June natural gas futures carved out a modest advance Thursday after the release of government inventory data showed increases less than what the market was expecting.

The supportive inventory report was enough to send June futures to a closing gain of 5.5 cents to $4.339 and July futures also enjoyed an advance of 5.5 cents to $4.440. June crude oil skidded $1.25 to $74.40/bbl.

The morning release by the Energy Information Administration (EIA) of inventory levels was anticipated to show a build of 102 Bcf, according to a Bloomberg survey, and an increase of 100 Bcf if Houston-based IAF Advisors was correct. The actual figure came in at 94 Bcf and immediately after the 10:30 a.m. EDT release of the numbers bulls lost no time sending prices higher. Just four minutes after the figures were released, June futures had jumped more than 11 cents to $4.396.

Traders were not terribly impressed. “We have been here before,” said John Woods, a senior trader at McNamara Options LLC in New York. He added that he thought there were stop-loss orders in the market above $4.43 and if these were triggered by still higher prices, it could launch a round of short-covering.

Natural gas showed its signature volatility. Just one minute before the figures were released, June futures traded down to $4.154, down 13 cents on the day, but the bullish figures forced sellers to rapidly reverse course. “That’s what you get for putting your orders on a computer,” said Woods, who noted that traders will at times place orders to be executed by computers when certain prices and or market conditions exist, bypassing any human judgment.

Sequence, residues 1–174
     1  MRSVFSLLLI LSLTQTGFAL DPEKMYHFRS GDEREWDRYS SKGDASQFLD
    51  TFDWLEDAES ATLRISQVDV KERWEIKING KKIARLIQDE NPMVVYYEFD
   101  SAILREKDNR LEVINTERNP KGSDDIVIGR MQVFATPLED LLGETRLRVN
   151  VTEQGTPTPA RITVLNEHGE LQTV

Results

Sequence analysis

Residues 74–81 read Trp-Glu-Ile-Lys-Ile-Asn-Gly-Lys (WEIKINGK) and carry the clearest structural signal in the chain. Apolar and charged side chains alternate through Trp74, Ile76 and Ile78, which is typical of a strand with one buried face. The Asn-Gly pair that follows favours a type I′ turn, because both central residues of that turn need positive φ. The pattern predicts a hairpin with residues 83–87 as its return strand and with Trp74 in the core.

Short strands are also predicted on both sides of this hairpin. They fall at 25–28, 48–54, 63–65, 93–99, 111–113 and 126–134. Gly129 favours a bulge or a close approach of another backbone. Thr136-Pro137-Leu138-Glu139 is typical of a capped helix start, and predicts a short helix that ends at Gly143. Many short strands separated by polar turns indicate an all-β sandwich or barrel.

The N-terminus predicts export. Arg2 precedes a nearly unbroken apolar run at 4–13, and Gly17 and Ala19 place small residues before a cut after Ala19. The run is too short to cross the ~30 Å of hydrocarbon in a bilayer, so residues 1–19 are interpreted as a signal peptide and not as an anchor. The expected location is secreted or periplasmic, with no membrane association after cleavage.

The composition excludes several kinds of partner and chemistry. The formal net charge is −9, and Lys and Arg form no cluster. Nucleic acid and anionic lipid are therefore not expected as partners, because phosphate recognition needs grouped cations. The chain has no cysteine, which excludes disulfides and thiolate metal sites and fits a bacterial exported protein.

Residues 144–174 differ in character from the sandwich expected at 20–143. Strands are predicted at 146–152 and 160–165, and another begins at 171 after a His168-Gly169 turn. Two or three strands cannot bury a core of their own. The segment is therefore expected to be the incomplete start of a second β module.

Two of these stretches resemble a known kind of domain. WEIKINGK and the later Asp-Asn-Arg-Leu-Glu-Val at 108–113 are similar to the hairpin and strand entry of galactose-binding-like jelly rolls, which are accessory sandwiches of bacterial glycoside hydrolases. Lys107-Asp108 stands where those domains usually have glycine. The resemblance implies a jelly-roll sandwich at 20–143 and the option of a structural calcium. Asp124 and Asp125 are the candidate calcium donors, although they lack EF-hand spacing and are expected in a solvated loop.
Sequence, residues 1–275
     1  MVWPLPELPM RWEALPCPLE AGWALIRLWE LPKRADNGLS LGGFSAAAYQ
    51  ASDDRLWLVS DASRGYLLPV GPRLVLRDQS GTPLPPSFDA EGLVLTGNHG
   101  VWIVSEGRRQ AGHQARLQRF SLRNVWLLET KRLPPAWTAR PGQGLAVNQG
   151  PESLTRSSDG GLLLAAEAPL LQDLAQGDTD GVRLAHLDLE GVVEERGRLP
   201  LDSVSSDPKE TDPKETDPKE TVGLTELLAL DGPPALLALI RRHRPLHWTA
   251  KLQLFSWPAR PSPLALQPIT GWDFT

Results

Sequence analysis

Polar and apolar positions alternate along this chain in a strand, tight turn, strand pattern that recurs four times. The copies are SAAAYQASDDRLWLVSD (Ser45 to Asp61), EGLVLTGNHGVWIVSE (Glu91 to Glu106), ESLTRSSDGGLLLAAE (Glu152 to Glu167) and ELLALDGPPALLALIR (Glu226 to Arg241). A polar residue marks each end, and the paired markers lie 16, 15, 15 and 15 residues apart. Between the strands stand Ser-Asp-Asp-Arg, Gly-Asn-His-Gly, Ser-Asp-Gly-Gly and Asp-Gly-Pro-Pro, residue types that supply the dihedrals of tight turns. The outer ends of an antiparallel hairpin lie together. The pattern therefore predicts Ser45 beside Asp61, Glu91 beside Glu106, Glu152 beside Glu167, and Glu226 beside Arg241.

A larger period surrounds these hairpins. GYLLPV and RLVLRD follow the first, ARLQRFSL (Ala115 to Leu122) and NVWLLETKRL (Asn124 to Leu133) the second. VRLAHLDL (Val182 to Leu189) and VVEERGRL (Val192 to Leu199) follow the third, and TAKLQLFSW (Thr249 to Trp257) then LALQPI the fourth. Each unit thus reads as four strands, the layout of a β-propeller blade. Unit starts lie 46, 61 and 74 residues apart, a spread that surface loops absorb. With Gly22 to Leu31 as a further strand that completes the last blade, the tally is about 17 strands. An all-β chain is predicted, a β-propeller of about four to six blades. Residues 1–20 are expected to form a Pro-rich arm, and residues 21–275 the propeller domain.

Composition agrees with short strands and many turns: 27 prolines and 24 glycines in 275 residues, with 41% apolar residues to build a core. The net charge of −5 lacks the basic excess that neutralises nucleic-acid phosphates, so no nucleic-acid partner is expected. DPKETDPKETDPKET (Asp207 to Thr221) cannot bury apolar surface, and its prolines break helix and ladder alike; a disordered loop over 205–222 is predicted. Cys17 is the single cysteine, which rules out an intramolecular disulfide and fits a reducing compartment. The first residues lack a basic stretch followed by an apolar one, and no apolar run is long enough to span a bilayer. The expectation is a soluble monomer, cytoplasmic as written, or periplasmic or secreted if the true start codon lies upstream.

Recent gains in June futures have given some hope to the bulls, but if the observation of one money manager is correct, the recent natural gas price advances have been the result of forces removed from the fundamental supply-demand balance. A Texas money manager suggested that the recent large moves in other markets have caused portfolio adjustments by funds.

“Let’s say a fund has a big move and decides it needs to pare down its volatility by 3%. Whatever positions it has are now being liquidated by 3% and the positions they have in natural gas are being impacted,” he said.

In his view, the portfolio managers have adjusted natural gas holdings to reset the beta, the ratio at which the value of the portfolio moves relative to the market, and that has been reflected in recent natural gas moves. “Natural gas prices can get whipped around outside of its recent $3.80-4.20 trading range pretty easily.

“I think that is what is going on, and I don’t think anything has changed substantially for prices to be out of that range except for these portfolio adjustments.”

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